I was just introduced to dressage about a year ago, and have started getting into it and am interested in improving the multiple things I know I'm doing wrong! Under a few different instructors, I was under the impression I needed to keep a firm contact with my outside rein and a slightly opening feel with the inside rein, giving multiple half halts with my outside rein as necessary to get the horse's head to come down. Plus a good forward gait to move the horse into your hands, it basically seemed to work, most of the time. Recently a new instructor told me something I've never been told to do: when the horse is sticking her head up in the air and being stiff, halt and take a lot of rein equally in both hands (felt like 8 pounds or so, maybe more?) and just hang on, not moving, not giving in, until the horse starts to chew and eventually drops its head. My horse tried backing up but I just gave a bit of leg. Although it worked after about 35 seconds of holding firm, it felt kind of drastic. Why have I never heard of this as a way of getting a horse "round" or at least getting her to accept the bit more and not stick her head in the air - what is the right way? Thanks for any help - my next lesson with this guy is tomorrow morning and I wanted to be more prepared!

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I'd go back to the first instructor if I were you!! Gettting the horse round is more about riding the horse forward to the hand than useing the hand alone. Remember the horse must be strong enough in the back and top line before it can come round and work towards being on the bit. Cheers Geoffrey
yes, I agree. All of the instructors I have worked with always emphasize quality of gaits, tempo, and rythm to be able to get the horse round. You shouldn't feel like you have to force the horse into the bridle, but that the horse is willing to move forward into the connection. Good luck!
Thanks very much for the replies!
This is a training method used by Phillipe Karl and it does work! You should read his book! (available on amazon.com) This is very interesting stuff. I audited his clinic last July. i went home and tried his methods and it worked wonderfully without stress for the horse or rider. Now I use his methods a lot and they work every time on both the horses I ride. My own horse was a 3 year old last year that I had broken and he seemed to be stuck in his training. I started using the PK method and everything clicked for him and he started advancing in his training. I also ride a 14 year old gelding that belongs to my friend. This horse has improved dramatically and is now very light and responsive.
Great to know, thank you!
SLC2, has a wonderful way of saying things..really. I am not familiar with dressage, I ride western pleasure so I am used to not having rein contact..but I can tell you that a horse cannot be round and collected properly without motion, and as Goeffrey Pannell said a strong back and topline. I have noticed that many horses with no dressage training in the past (best freind is a 3 day eventer) do seem to be confused in most cases when asked for contact and bending, my friends has started to used a surcingle, and tie down to allow her horse to feel the pressure, give to it, and release himself on the lunge line, then she gives the same que with her hands asking the horse to stretch at the wither..it has worked well for her, and her trot and walk are good from what I have heard.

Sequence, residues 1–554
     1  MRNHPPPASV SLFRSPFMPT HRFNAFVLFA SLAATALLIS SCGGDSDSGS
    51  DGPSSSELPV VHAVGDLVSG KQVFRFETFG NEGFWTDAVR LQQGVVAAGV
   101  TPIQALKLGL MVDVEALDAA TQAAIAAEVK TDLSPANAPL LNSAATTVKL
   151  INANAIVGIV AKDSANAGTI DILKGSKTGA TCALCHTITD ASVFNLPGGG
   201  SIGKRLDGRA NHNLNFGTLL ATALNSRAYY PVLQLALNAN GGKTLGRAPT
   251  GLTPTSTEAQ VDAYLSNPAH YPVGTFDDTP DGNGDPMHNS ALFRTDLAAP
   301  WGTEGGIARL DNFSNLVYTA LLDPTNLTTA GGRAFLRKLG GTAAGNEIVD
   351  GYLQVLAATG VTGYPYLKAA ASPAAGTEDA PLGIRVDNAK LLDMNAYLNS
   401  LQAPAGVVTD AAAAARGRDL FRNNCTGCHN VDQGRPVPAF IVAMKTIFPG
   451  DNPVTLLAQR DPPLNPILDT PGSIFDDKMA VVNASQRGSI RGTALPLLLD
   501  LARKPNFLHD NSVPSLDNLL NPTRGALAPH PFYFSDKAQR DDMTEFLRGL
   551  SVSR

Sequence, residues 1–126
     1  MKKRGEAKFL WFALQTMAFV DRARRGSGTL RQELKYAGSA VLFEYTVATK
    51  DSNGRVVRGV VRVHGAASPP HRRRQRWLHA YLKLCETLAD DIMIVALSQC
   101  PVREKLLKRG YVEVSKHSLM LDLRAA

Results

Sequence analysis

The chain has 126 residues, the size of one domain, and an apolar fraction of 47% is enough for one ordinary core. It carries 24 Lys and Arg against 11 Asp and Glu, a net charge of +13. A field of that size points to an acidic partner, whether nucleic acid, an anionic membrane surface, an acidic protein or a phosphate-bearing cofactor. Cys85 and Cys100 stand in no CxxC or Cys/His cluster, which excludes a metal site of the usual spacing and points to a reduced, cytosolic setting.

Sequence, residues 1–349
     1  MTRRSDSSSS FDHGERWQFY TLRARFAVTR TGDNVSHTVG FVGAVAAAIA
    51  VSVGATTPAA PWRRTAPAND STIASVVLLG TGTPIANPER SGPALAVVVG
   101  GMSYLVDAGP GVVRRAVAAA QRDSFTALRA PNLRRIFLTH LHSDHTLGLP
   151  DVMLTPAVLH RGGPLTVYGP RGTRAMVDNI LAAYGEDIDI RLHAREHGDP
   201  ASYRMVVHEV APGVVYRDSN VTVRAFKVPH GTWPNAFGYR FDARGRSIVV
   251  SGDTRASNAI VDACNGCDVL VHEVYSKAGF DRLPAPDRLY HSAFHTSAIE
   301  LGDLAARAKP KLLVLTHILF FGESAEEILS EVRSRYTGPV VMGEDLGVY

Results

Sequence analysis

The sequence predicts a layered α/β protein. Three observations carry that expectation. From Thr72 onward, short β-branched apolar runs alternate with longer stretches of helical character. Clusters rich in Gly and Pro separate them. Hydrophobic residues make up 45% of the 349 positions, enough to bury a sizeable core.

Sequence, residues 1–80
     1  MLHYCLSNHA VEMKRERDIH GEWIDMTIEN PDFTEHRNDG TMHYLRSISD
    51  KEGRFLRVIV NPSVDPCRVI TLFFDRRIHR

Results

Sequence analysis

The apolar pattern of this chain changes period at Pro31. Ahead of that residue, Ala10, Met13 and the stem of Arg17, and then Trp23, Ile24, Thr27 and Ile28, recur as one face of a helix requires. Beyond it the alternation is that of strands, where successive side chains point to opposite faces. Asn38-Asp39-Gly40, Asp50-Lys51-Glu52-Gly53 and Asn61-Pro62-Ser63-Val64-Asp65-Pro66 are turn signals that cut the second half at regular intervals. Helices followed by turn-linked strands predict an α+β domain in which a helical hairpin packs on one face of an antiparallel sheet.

that does make sense aswell..This horse is abused though..and has learned harsh work on the mouth and "contact" as a punishment..to my knowledge..so giving him the release does seem to work for him..

With the contact as not being a "punishment" what does that make western pleasure riders who ride with no rein contact? I mean we ride with contact (I ride with spurs, my horse knows if I lay both spurs on him and bump them that means his head needs to go down, I roll my spur on my outside leg and kiss means lope/canter along with moving his hip for the cant, putting steady pressure on his sides equally tells him to back up, thent he usual shoulder in, hip out ect ect, roll backs)

But I do release that contact once the said thing I want is done (IE I want him to back a full horse lenght, I put spur on, then once I get the action, I drop the contact) Does that mean I am punishing?

I by all means see where you are coming from, and think that you have a good concept, I am just interested in your training technique.
that again makes sense, I have nothing do to with dressage, or jumping. I am into the APHA/AQHA stuff. I do ride english in Hunter under saddle, but that is far from dressage.

She has been taught this by a reputable dressage instructor and competitor..but I think its a matter of what a person feels comfortable for and what. The way she has done things with the tie down is known over here, lots of people do it ( I don't, but I use other aids). It seems to work for this horse.

One more question..do you see 3 day eventers having more "problems" with putting there head down onto the bit, then a plain dressage rider? Iam just curious as I can see it as the horse may get confused possibly by stadium and xcountry where they need to go over them jumps, see where there going, and in some aspects go fast, collection is not necessary..for 2 of the events, and then for the other event be collected, slower than on the xcountry, but usually the dressage ring is on the xcountry field. Its obviosuly possible, but I just wanted to know..sorry this is going off topic.

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